Last week, Shane McMahon shook up the wrestling world when he returned to Raw after a near seven-year absence. While it was a surprise to pretty much everyone, it’s quite possible no one was more shocked than one of his best friends, the man the WWE Universe came to know as Pete Gas.
Pete Gasparino first became pals with Shane-O Mac when they were teammates on the high school football team. But a few years later, he and another former teammate, Rodney Lienhardt, would go above and beyond the bonds of friendship when they served as McMahon’s backup on the road to WrestleMania. Dubbed “The Mean Street Posse,” the crew would talk up their toughness and run interference in Shane’s matches – all while dressed in sweater vests and slacks. Joined by a third member, Joey Abs, they even managed to be featured in one of the highest-rated segments in WWE television history, when they fought Gerald Brisco and Pat Patterson in a “Loser Leaves Town” match.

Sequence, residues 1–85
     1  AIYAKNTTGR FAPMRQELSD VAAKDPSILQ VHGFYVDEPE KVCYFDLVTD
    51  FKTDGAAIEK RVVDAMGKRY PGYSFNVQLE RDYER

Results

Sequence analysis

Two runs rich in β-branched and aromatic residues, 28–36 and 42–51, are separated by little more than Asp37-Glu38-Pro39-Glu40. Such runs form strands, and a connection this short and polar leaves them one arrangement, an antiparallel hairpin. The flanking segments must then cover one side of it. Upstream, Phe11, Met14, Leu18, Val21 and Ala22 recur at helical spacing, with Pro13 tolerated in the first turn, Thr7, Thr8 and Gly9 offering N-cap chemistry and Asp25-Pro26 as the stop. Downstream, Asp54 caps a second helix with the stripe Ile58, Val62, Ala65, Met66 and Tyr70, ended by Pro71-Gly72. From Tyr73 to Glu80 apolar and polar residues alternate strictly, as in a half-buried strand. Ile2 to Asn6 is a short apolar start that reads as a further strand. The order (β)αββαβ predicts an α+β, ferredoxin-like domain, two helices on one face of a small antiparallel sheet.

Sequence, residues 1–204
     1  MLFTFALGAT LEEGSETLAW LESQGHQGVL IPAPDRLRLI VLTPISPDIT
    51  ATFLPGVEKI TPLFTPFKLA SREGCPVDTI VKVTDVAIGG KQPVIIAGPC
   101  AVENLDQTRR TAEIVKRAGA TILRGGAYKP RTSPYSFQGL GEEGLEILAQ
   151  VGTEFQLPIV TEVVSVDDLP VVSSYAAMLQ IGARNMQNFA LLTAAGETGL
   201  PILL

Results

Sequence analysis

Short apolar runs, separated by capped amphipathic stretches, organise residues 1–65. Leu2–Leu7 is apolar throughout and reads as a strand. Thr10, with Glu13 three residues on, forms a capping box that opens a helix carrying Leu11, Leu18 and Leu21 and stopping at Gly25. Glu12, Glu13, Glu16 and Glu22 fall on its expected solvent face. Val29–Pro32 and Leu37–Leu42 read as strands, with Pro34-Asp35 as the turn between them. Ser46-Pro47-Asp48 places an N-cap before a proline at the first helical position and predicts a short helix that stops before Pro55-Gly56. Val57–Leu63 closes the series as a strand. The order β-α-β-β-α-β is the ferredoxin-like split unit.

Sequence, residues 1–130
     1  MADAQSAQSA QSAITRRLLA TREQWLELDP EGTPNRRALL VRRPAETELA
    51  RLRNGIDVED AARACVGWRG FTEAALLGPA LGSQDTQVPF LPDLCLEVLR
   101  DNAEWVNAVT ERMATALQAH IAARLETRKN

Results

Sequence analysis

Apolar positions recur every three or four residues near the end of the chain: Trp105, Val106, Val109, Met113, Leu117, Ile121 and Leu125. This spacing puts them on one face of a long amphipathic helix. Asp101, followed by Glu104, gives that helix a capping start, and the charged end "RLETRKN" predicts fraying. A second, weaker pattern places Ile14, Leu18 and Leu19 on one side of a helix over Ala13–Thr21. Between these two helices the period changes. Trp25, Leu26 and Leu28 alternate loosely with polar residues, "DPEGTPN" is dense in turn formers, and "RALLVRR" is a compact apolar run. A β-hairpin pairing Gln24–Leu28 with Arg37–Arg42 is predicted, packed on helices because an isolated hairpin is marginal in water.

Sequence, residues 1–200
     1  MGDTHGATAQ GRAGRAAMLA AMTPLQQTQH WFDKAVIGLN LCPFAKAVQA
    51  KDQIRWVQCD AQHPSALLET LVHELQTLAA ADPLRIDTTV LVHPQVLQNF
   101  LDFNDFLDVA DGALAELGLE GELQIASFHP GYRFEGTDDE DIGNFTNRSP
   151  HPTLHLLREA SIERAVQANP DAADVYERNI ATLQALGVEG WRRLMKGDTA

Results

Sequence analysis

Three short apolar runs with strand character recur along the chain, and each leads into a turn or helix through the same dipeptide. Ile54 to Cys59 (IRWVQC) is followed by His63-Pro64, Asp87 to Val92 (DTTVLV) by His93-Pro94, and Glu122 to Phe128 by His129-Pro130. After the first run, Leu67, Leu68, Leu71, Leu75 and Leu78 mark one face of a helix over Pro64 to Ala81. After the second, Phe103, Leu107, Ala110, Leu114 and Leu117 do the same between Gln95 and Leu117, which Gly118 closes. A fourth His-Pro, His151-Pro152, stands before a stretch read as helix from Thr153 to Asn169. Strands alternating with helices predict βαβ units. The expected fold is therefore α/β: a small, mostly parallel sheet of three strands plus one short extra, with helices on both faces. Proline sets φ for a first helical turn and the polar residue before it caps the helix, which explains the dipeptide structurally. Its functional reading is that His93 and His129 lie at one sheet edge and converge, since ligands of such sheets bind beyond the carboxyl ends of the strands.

The three were released in 2001, but their legacy remains today. In fact, when Shane returned on Raw, it wasn’t long before social media was buzzing with the possibility of an appearance by the Posse – and let’s just say Pete Gas is ready. While he awaits McMahon’s phone call, the man from the mean streets of Greenwich, Connecticut spoke to Rolling Stone about his memorable run in WWE, growing up with the McMahon clan and why wrestling fans were always wrong about his crew.
Let’s just start with last Monday. What was your reaction when Shane McMahon’s music hit on Raw?
I think I was like everyone in that arena and around the world: shocked. I had no idea that was about to happen, even though I had talked to Shane. He hadn’t mentioned it at all. It was a long time coming for me. I always felt that Shane should have never left, but that’s his own decision. It was electric. When I spoke to him the following day, I told him that I always knew he’d get an amazing reception if he ever came back. But even I couldn’t imagine it being as great as that was. It was really special.